Manipulation of the image in combat photography is nothing new, but in this age of digitized imagery and computer enhancements, the temptation to play with reality has never been greater.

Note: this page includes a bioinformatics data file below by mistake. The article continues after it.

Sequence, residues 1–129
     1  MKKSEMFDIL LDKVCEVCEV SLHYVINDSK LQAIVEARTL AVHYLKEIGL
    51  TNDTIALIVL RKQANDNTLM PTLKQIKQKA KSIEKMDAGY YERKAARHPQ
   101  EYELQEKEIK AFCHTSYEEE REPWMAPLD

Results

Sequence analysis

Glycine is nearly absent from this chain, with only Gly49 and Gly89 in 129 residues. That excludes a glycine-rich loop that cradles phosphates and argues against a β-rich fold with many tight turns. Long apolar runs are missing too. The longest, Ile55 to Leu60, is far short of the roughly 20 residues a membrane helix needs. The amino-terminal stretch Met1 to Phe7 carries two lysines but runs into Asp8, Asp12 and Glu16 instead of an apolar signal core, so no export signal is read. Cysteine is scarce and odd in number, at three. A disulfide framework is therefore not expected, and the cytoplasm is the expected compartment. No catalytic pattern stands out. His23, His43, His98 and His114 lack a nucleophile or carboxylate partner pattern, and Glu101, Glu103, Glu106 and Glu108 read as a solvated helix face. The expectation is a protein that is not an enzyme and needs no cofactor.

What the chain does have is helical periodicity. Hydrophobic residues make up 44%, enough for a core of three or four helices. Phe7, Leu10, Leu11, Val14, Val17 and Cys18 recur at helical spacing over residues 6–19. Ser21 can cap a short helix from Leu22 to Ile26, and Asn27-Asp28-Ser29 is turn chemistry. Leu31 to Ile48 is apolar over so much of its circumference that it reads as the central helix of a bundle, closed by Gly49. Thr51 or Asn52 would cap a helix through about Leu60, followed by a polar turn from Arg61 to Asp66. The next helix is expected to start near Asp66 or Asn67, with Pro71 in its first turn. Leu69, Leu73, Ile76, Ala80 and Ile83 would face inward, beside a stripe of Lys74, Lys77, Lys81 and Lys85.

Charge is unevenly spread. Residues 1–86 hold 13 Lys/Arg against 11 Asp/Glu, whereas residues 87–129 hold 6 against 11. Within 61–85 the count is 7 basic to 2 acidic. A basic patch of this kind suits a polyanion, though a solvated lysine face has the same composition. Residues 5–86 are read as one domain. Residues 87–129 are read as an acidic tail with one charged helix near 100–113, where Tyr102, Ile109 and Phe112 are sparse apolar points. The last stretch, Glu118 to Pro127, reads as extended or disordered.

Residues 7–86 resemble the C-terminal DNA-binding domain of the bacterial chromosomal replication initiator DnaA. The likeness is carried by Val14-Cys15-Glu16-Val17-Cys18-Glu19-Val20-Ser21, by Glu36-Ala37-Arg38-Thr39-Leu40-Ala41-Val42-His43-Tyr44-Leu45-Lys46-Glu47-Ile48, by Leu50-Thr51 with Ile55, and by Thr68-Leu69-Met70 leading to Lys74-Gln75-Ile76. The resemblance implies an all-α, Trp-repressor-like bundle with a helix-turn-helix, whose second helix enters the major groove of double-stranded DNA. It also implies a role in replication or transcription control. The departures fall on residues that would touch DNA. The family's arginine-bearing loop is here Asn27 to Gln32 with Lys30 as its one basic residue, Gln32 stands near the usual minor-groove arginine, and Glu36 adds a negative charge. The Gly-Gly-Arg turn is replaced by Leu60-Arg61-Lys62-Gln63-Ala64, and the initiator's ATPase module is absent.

For more than 100 years, we believed that the silver image equaled the absolute truth. But in fact, since the beginning of photography, photographers have misrepresented the truth in their photographs. During the Civil War, for instance, Matthew Brady’s photographers carefully positioned the hands of his dead subjects to make a more dramatic composition. Even the most famous War photograph of all time—Robert Capa’s 1936 image of a soldier at the exact moment of death—could be no more than a militia man slipping and falling during a training exercise.1 In the midst of the controversy, however, the photograph remained a historic symbol of combat, and We believed.